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NBME 24 Answers

nbme24/Block 3/Question#2 (54.0 difficulty score)
A 28-year-old man has a blood pressure cuff ...
tags: metabolism acid_base blood_physiology biochem 

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submitted by drdoom(819),
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Atefr hte fucf is td,ie eth lsecl and usiest ialdts to the cuff iwll otieunnc insgmcnuo TPA (;&-AAtTgPPD,) btu no srfhe bodol liwl be eveirddle ot clr”e“a ahtw liwl be an uunagitcalcm nmatuo of APD dan teohr .eelaobttsmi DPA ne(di)sAeo=n si elfsti a royxp fo msuopcnntio and risdve lsvidatiaoon fo sear!iert v(otinolEu is ms!atr) rniIensgca Adn/ADioPnsee ni a cloa“l oenrtivn”nme si a isnalg ot hte dboy atht a lot of tncousimpon is cicugrrno ;ehert sth,u eteirasr nad sroleaeitr llyaratnu lieatd to ecsinrea odlbo wolf esrta and esp“ew y”awa tcbalemio pcyubrs.tod

lispectedwumbologist  You're a good man. Thank you. +  
drdoom  So glad it helped! +1  
seagull  very well put, thank you +1  
eosinophil_council  Great! +  
aisel1787  gold. thank you! +  
pediculushumanus  beautiful explanation! +2  
rockodude  this explanation was on par with Dr. Sattar IMO +1  

submitted by newrose(9),

Can someone clarify why Prostacyclin was wrong? I knew the CHALK thing but for some reason had trouble ruling out prostacyclin since it's a vasodilator

cassdawg  My best answer for this is that the best answer is adenosine because it is asking for which is involved in the mechanism of reactive hyperemia (which involves similar mechanisms to autoregulation) of blood flow, which involves CHALK. While vasodilators like PGI2 (protacyclin) are vasodilators it is released at a base level by the lungs and endothelium, and releasedat higher levels in instances such as inflammation. Prostacyclin is not released in reactive hyperemia. If you want a refresher about active v reactive hyperemia: They are both mediated by metabolic intermediates. as mentioned above. +1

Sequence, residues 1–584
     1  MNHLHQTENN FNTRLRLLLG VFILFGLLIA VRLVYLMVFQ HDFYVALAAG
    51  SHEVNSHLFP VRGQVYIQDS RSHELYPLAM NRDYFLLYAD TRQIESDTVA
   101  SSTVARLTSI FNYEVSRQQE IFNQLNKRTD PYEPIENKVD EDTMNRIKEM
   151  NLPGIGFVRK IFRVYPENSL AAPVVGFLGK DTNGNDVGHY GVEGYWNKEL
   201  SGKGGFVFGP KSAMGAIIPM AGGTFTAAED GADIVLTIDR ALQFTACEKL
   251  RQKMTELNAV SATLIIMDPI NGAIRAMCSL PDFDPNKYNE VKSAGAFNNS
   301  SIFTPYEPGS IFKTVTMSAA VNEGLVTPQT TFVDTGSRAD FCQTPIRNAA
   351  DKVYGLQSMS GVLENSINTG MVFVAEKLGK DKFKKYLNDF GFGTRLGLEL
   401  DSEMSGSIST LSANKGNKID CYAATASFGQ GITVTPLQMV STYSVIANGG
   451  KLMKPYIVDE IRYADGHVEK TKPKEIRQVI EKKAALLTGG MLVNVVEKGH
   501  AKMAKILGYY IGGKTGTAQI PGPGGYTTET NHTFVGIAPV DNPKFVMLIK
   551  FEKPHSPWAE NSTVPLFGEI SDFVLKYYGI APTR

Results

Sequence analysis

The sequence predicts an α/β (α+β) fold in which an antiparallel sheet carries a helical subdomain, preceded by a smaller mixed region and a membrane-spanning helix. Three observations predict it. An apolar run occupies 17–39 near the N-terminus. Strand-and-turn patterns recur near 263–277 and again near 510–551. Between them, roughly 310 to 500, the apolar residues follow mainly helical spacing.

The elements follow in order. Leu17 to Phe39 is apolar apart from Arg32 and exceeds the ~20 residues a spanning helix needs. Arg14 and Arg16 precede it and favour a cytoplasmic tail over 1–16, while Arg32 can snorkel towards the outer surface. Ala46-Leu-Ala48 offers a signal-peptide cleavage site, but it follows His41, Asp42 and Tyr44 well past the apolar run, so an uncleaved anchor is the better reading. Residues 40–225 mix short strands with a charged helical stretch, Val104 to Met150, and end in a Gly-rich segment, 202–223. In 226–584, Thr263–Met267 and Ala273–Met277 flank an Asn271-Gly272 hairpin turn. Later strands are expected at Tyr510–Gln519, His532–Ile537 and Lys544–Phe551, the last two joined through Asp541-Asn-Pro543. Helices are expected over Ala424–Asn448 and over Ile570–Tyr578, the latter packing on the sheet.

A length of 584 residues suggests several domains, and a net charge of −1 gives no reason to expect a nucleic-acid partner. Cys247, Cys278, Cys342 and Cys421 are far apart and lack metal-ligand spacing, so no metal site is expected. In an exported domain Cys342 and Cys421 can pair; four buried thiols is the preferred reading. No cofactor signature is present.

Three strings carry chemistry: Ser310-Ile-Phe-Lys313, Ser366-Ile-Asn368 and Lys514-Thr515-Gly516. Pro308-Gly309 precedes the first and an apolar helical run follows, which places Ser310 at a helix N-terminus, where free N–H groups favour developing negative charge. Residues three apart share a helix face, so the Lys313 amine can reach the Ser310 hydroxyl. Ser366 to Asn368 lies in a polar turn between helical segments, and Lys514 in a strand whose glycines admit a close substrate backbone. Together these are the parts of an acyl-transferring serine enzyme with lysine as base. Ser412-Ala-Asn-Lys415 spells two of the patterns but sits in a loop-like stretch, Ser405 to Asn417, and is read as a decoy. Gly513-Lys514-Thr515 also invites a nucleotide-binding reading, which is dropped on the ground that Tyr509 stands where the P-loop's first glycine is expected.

cbreland  I picked prostacyclin for the same reason. Adensine and the other CHALK metabolites makes sense though. I guess that's why your arteries/veins dilate when working out +  

submitted by madojo(163),
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I nd'ot oknw if thsi swa the gthir way i othhgut utbao it ubt i emeerrmdbe h .C.KHeLA..t hntigs ttha cuase aodasivolitn in kalteels cluesm

C - 2oC, H - ,+H A- ea,ndneiso L - ctatlea K- +K

drdoom  This is great; these are all proxies of catabolism, i.e., "net" ATP consumption! (ATP->ADP) +1  
drdoom  Potassium might be the one that doesn't seem to fit but recall that cells have an H+/K+ antiporter: cells can act as a "sink" for high blood H+; they "take up" H+ (from blood, into cell) but "in exchange" they have to put out a K+ (to maintain a normal electro-gradient). So, as blood acid starts to creep up, cells actually "attempt" to bring it back to equilibrium by sucking up H+ (and putting out K+, which, as you surely recall ;), is the predominant cation within cells). +3  
misterdoctor69  @drdoom, would you also venture to say that there is increased Na+/K+ ATPase activity in an increased metabolic state which might also contribute to greater K+ efflux into the blood? +  
drdoom  @misterdoctor69, no. Potassium flow is driven by its chemical gradient (from inside cell, where its concentration is high, to outside). If K+ efflux is increased, the best culprit would be the H+/K+ antiporter (which “takes up” a proton, but has to “surrender” a potassium, in an attempt to remove acid from the blood — acidic blood, of course, being an inevitable outcome of revved metabolic state: net ATP consumption & high CO2 production). +  

submitted by pmnbp(2),
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clodu msoonee esealp palxnei hyw naniseedo si t?cercor

drdoom  After the cuff is tied, the cells and tissue distal to the cuff will continue consuming ATP (ATP->ADP), but no fresh blood will be delivered to “clear” what will be an accumulating amount of ADP and other metabolites. ADP (=Adenosine) is itself a proxy of consumption and drives vasodilation of arteries! (Evolution is smart!) Increasing ADP/Adenosine in a “local environment” is a signal to the body that a lot of consumption is occurring there; thus, arteries and arterioles naturally dilate to increase blood flow rates and “sweep away” metabolic byproducts. +1